UC’s student workers can’t afford California

(Photo by Justin Sullivan/Getty Images)

48,000 underpaid student workers in the University of California system prepare to go on strike Nov. 14.

By Mark Kreidler, Capital & Main

This story is produced by the award-winning journalism nonprofit Capital & Main and co-published here with permission.

Heeba Hartit, a teaching assistant and PhD student in comparative literature at the University of California, Riverside, gets paid by the university for 20 hours of work per week. On average, she says, Hartit logs closer to 30 or 40 hours while teaching three sections as well as “curriculum planning, learning and reading the course material, attending the lecture component of the discussions I teach, answering emails, grading papers, reviewing rough drafts, office hours and more.”

That’s hardly a new phenomenon; most universities have quietly profited from unpaid hours of extra work by their graduate student assistants for decades. But in California, where the basic cost of housing has been skyrocketing for years, the math no longer adds up.

The state’s student teachers, in many ways the backbone of the UC system, often cannot afford to live where they work. That is a statewide problem in the long run. In the immediate term, the university’s 10 campuses are poised to feel the pain.

A Nov. 14 strike date has been set by roughly 48,000 UC student workers, a group that includes teaching assistants, tutors, postdoctoral scholars who teach and grade papers and other academic employees. Organized under the umbrella of the United Auto Workers union, the student employees are part of a large though relatively unknown labor force; roughly 10% of all postdoc workers in the U.S. are employed by the UC system.

The heart of the matter is pay, because increasing salaries is virtually the only way student workers can afford the rent in the areas where many UC campuses are located. Teaching assistants, for example, are paid $24,000 per year, far less than the median rent in Los Angeles and other markets where UCs sit. Some researchers earn higher salaries — potentially up to $40,000 — but most are capped at 20 hours per week.

The union is asking for a minimum of $54,000 per year for all student academic workers, a figure negotiators say is based on the median cost of housing in the state. A university spokesman said UC is offering wage increases to help the workers “meet their housing needs.” Those proposals ranged from 4% to 7% and are not close to what the union is seeking.

Unsurprisingly, then, more than 50 negotiating sessions, going back months, haven’t tightened that gap. In addition, the union workers say, the university has changed working conditions and wages more than once without bargaining, something they want addressed in any new agreement. The vote in favor of authorizing a strike was 98%.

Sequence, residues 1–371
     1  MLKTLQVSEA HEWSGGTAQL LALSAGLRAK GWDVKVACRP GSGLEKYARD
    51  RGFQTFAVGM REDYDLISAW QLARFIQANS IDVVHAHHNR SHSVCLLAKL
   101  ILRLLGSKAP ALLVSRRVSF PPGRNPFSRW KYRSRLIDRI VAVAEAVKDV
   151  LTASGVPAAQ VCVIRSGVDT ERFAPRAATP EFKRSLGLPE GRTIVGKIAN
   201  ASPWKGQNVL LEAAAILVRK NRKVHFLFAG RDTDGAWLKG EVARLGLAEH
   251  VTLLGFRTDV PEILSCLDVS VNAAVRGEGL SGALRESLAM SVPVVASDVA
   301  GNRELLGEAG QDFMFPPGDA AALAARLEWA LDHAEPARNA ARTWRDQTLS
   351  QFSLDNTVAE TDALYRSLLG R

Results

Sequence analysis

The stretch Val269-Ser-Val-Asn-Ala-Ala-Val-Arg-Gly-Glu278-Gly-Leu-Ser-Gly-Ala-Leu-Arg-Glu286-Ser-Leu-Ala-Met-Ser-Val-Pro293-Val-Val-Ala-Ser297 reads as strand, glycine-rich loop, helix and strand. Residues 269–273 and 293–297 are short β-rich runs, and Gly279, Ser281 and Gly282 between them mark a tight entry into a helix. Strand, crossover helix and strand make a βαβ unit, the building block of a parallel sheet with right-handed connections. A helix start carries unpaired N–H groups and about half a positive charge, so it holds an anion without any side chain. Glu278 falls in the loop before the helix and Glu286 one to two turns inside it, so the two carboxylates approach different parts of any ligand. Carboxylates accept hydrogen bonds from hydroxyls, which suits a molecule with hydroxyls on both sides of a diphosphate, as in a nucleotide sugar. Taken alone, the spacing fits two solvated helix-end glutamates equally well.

“We cannot achieve our full potential as researchers and educators while laboring under unfair conditions,” says Maya Gosztyla, a PhD candidate and student worker in UC San Diego’s biomedical sciences program. “We have negotiated in good faith in order to ensure a better long-term future for academic workers across our campuses, but UC has not shown us that same respect.”

A strike would jeopardize the UCs’ ability to complete the fall term without heavy disruption. “Our teaching assistants do the vast majority of the teaching work for UC, and we do basically all of the research,” Tanzil Chowdhury, a graduate student researcher at the Lawrence Berkeley National Laboratory, told the San Francisco Chronicle. “If these two things stop, the university can’t really function.”

This isn’t merely a school issue. California’s escalating housing crisis has ratcheted up the pressure everywhere on renters, who comprise 44% of all residents in the state. And it isn’t only in obvious UC markets like Los Angeles, Irvine, Santa Cruz or San Diego.

Hartit’s story is a case in point. She studies and works in Riverside, long considered “a more affordable UC,” as she put it. But she is paying half of her annual take-home income to live in off-campus housing, and the Riverside-San Bernardino-Ontario market recently climbed into the ranks of 10 costliest in the U.S. in terms of rent. According to the Los Angeles Times, more than 92% of UC teaching assistants statewide are rent burdened, meaning they pay more than 30% of their income in housing costs. Four in 10 spend more than half of what they make on a place to live.

“I have co-workers who have had to move over an hour away and share space with several roommates to afford rent,” says Hartit. “Even for those who do live in campus housing, workers funnel about 50% of their salaries back to the UC for apartments in extremely poor condition.”

Ultimately, the threat to UC’s highly regarded system is a talent drain, one reason why a sudden compromise that originates on the university side wouldn’t be shocking. Last fall, UC management averted a strike by the system’s 6,500 lecturers at the last minute by agreeing to 30% raises spread over five years, plus increased job stability.

The student worker action likewise may come down to the wire. The Nov. 14 strike date was set to coincide with the last few weeks of the fall quarter, when student academics are relied upon heavily to teach courses, counsel students on upcoming exams, administer the finals and post grades. Administrators at several campuses have predicted serious hardship for UC students if the strike commences.

If it does, Hartit says, she won’t be alone as she protests at UC Riverside.

“Plenty of my students will stand by me at the picket line,” she says. “My students have all extended compassion and support towards our current situation. My working conditions are their learning conditions.”

Copyright 2022 Capital & Main

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